In a post on his ABC News weblog, ABC correspondent Jake Tapper accused Media Matters for America of "engag[ing] in standards more fit to last-minute political attack ads than to fair and objective journalism." Yet Tapper's post contained the same elements of "last-minute political attack ads" he falsely accused Media Matters of employing.
A November 1 Media Matters item about news reports that have mischaracterized Supreme Court nominee Samuel A. Alito Jr.'s concurring opinion in the 2000 abortion case Planned Parenthood of Central New Jersey v. Farmer included Tapper among the journalists who have misrepresented that opinion.
Some news reports have suggested that Alito's vote to strike down the abortion ban indicates that he has a "nuanced" history of opinions on abortion that has included both opposition to, and support for, abortion rights. But Alito's Farmer opinion specifically indicated that he was voting to strike down the abortion ban in question only because he was obligated to follow Supreme Court precedent -- by which he will not be bound if confirmed to the high court -- not because of his own views of the law or of abortion. Media Matters noted several examples of news reports that misrepresented Alito's opinion, including two that appeared on ABC News:
Alito's Farmer opinion was mischaracterized in numerous October 31 television reports. For example, on ABC's Nightline, correspondent Chris Bury cited the decision as evidence that "Judge Alito has come down on different sides" of the abortion issue, without noting that Alito said he was merely following Supreme Court precedent. Similarly, on ABC's World News Tonight, correspondent Jake Tapper cited Farmer as evidence that "in some cases, Alito has voted for abortion rights."
That's the extent of Media Matters' mention of Tapper. In response, on November 1, Tapper wrote an invective-filled blog post aimed at Media Matters:
Being in the mainstream media, one is regularly subject to the slings and arrows of media critics pushing their various political agendas. That's fine; it comes with the territory.
But you as a viewer/reader should know how dishonest this criticism can be.
Here's an example. Media Matters -- a liberal media group -- today is complaining that the opinion Judge Alito handed down in 2000, striking down New Jersey's ban on what abortion opponents call "partial birth abortion" in the Planned Parenthood of Central New Jersey v. Farmer decision, "was mischaracterized in numerous October 31 television reports. ... on ABC's World News Tonight, correspondent Jake Tapper cited Farmer as evidence that "in some cases, Alito has voted for abortion rights."
Interesting point. Except they only used half of my quote.
I said: "But in some case Alito has voted for abortion rights previously defined by the Supreme Court."
Interesting point. Except it changes nothing.
The italicized portion of Tapper's quote doesn't change the fundamental problem with what he said; he still inaccurately claimed that "Alito has voted for abortion rights." In fact, in the Farmer case, Alito voted for following Supreme Court precedent, which he is obligated to follow as an appellate judge -- not "for abortion rights," as his opinion clearly explained. Tapper's quote, in full, suggested that Alito is in favor of the rights the Supreme Court has defined. There is no evidence of that; there is only evidence that Alito is in favor of not having his decisions reversed by the Supreme Court.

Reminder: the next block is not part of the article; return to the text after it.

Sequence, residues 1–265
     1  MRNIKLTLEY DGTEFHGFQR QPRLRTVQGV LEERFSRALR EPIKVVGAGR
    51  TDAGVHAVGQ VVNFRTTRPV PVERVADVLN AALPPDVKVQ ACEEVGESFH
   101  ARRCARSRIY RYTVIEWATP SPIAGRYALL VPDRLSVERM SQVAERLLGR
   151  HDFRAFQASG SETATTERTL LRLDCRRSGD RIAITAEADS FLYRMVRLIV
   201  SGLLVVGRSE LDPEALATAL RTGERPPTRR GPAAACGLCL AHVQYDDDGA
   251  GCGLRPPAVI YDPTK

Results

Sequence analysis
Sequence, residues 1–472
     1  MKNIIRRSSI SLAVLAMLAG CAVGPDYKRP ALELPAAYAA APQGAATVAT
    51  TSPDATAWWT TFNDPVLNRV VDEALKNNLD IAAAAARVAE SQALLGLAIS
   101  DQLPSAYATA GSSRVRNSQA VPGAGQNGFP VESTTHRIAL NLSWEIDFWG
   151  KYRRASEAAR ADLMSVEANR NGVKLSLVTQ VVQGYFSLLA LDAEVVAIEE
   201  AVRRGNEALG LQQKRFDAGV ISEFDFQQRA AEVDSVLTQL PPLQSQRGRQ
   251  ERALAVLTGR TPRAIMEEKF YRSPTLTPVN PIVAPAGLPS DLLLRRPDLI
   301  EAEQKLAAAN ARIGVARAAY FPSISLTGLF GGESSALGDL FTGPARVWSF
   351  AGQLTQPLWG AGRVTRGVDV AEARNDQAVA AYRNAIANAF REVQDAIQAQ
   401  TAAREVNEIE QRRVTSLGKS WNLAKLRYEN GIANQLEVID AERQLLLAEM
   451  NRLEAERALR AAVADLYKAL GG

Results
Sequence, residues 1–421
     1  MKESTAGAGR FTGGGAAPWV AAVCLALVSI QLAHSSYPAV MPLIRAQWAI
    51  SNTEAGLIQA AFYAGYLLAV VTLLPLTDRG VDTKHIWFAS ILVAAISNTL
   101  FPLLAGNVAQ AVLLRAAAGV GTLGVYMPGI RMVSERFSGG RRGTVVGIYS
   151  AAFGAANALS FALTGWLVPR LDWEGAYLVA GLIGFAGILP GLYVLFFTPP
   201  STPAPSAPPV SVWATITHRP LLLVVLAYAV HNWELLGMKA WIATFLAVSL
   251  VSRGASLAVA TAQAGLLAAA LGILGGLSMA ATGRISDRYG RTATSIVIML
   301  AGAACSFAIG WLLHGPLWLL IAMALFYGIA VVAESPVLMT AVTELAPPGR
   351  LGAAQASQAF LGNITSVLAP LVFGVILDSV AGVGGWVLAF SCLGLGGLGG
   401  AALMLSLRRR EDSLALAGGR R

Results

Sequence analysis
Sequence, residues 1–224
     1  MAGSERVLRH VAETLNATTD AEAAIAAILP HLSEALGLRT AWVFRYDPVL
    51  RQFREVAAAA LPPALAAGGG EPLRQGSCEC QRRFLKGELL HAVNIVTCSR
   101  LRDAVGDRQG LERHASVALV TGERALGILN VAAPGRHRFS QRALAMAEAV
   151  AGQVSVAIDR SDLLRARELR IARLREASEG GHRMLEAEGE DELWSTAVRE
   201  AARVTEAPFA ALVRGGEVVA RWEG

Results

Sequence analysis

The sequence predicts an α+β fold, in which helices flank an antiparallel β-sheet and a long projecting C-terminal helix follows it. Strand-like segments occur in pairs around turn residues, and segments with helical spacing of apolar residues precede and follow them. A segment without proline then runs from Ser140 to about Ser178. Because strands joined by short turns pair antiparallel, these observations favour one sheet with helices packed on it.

Thus, the second "half" of Tapper's quote -- which he accuses Media Matters of dishonestly omitting -- does nothing to change the substantive error in his reporting.
But Tapper didn't stop at merely accusing Media Matters of being "dishonest" by omitting a portion of his quote; he continued his attack by resorting to name-calling:
The dishonesty inherent in their truncating my quote may help satisfy their partisan martyrdom and help fill their professional coffers, but it does a disservice to the American people.
I don't intend to make a regular habit of responding to this type of clearly partisan attack from organizations that are clearly all-too-eager to engage in standards more fit to last-minute political attack ads than to fair and objective journalism. (It's the old saying about don't wrestle with a pig; the pig loves it and you just get dirty.)
For the record, the original Media Matters item did not characterize Tapper in any way. It did not criticize him personally. It simply -- and correctly -- pointed out that he mischaracterized Alito's Farmer opinion. In response, Tapper accused Media Matters of being "dishonest," of "view[ing] news through the colored lenses of dogma," of seeking "partisan martyrdom," of resorting to "dishonesty" in order to "fill their professional coffers," and of leveling a "clearly partisan attack."
Incredibly -- and with no hint of irony -- after this stream of insults, Tapper compares Media Matters to a "pig" who "loves" getting others dirty.
It's worth noting that the title of Tapper's blog -- the entire blog, not just his post attacking Media Matters -- is "Down and Dirty."